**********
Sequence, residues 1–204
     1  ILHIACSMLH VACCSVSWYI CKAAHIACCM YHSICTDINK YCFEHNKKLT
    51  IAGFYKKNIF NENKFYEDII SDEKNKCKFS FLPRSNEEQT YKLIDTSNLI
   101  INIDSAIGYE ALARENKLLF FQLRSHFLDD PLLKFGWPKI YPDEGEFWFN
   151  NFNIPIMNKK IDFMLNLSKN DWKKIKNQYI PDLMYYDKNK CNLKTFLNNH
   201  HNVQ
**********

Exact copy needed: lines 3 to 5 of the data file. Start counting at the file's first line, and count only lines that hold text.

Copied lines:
    51  IAGFYKKNIF NENKFYEDII SDEKNKCKFS FLPRSNEEQT YKLIDTSNLI
   101  INIDSAIGYE ALARENKLLF FQLRSHFLDD PLLKFGWPKI YPDEGEFWFN
   151  NFNIPIMNKK IDFMLNLSKN DWKKIKNQYI PDLMYYDKNK CNLKTFLNNH